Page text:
I still don't think it's a good idea.

>> You seem like the person to ask about insight into other mindsets. <<

Thanks.

>> I had never thought of pigtail pulling as a strategy that might work for some kids, though as you mentioned, the resulting dynamic is unlikely to be healthy. <<

It took me a long time to build up enough data to see that, because most of it points elsewhere.

>> But the whole idea of bullying leading to something other than scorn from the victim... <<

Stockholm Syndrome, for one thing. But another is simply that people who interact frequently will tend to become part of each other's lives. It's not healthy, but it's human nature to bond. People who are social teflon like me won't give a fuck, but most people are more responsive. Then too, sometimes the aggressor changes, and affection grows where none was before, and the tembre of the teasing changes, so the result may change. People aren't static.

It's still a crummy strategy.

>> In retrospect, this must be true for some people, as it's the logical precursor to hopping from one poisonous relationship to another. <<

That is exactly the kind of problem I meant to highlight with this poem: if you teach people that abuse is affection, it primes them for abusive relationships.

>> And most people probably grow out of it, as they mature and realise that some people really won't tolerate it, and that relationships without abuse are better - perhaps learning from the experience without taking or leaving noticeable scars. <<

Exactly. It's better to grow out of it.

>> Still. The tendency of adults to dismiss or encourage such behaviour in kids is worrying, and the idea that it's actually effective is even more so. <<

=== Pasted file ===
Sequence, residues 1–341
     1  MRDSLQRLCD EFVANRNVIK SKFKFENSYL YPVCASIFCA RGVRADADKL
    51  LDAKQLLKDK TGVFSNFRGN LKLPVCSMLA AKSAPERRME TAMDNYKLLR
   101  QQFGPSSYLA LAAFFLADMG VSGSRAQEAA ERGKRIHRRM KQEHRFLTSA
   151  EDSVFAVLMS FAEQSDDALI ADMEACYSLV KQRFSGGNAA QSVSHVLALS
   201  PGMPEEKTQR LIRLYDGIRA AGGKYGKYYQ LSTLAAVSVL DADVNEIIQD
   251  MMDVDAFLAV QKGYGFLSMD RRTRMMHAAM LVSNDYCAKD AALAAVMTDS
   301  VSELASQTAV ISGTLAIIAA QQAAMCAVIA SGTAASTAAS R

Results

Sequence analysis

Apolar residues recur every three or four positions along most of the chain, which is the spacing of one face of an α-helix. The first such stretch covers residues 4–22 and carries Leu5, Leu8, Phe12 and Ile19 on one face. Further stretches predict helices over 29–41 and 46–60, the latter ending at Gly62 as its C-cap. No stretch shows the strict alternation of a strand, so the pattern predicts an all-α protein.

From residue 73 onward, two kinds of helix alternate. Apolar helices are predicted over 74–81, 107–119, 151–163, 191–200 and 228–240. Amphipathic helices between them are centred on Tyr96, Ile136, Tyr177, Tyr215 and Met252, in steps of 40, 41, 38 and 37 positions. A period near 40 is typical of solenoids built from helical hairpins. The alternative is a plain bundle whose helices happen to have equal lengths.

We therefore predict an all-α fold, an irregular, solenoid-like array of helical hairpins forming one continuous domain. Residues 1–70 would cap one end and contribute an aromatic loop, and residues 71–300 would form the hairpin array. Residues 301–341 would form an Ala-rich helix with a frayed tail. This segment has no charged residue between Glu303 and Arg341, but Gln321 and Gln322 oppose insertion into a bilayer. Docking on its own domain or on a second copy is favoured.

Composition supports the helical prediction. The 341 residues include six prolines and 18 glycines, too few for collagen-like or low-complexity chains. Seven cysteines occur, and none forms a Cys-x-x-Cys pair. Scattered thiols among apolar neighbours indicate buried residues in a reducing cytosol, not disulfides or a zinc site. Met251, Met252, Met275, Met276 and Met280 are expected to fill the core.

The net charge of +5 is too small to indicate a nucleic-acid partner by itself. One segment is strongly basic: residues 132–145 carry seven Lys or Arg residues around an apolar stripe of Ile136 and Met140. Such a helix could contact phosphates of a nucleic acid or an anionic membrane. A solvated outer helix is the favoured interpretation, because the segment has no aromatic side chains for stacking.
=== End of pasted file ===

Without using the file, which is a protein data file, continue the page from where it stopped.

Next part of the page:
Sooth.
silver_gull From: silver_gull Date: April 2nd, 2014 12:00 pm (UTC) (Link)

Re: Okay...

>> It's often said. It is not often true; usually what happens is a bully picking on a disliked victim.<<

This time it did turn out to be true. He eventually asked me out, and then asked why I said no. One really has to wonder what he'd been told at the start of it, and all through the years we knew each other.

When I called Plucky Girl's response "positive," I only meant it in the sense of being the one it seemed Bully Boy wanted. In no way do I think it was a good one; more like testing positive for, as you said, the early stages of Stockholm Syndrome. Her motive for acting as if the adults were right makes sense, as does the way the relationship is set to change. I hope things wind up working out for them, whether together or separately.
ysabetwordsmith From: ysabetwordsmith Date: April 12th, 2014 09:10 pm (UTC) (Link)

Re: Okay...

>> This time it did turn out to be true. He eventually asked me out, and then asked why I said no. One really has to wonder what he'd been told at the start of it, and all through the years we knew each other. <<

0_o Yeah, that's creepy. Sometimes people get bad advice. Other times they just make shit up.

>> When I called Plucky Girl's response "positive," I only meant it in the sense of being the one it seemed Bully Boy wanted. <<

It is that. But it's personally complicated too, because of what she has been told, which leads to ...

>> In no way do I think it was a good one; more like testing positive for, as you said, the early stages of Stockholm Syndrome. <<

... this mess.

>> Her motive for acting as if the adults were right makes sense, as does the way the relationship is set to change. I hope things wind up working out for them, whether together or separately. <<

Feel free to ask for more about them in any relevant prompt call. Next up is the crowdfunding Creative Jam running April 19-20 with a theme of "characterization."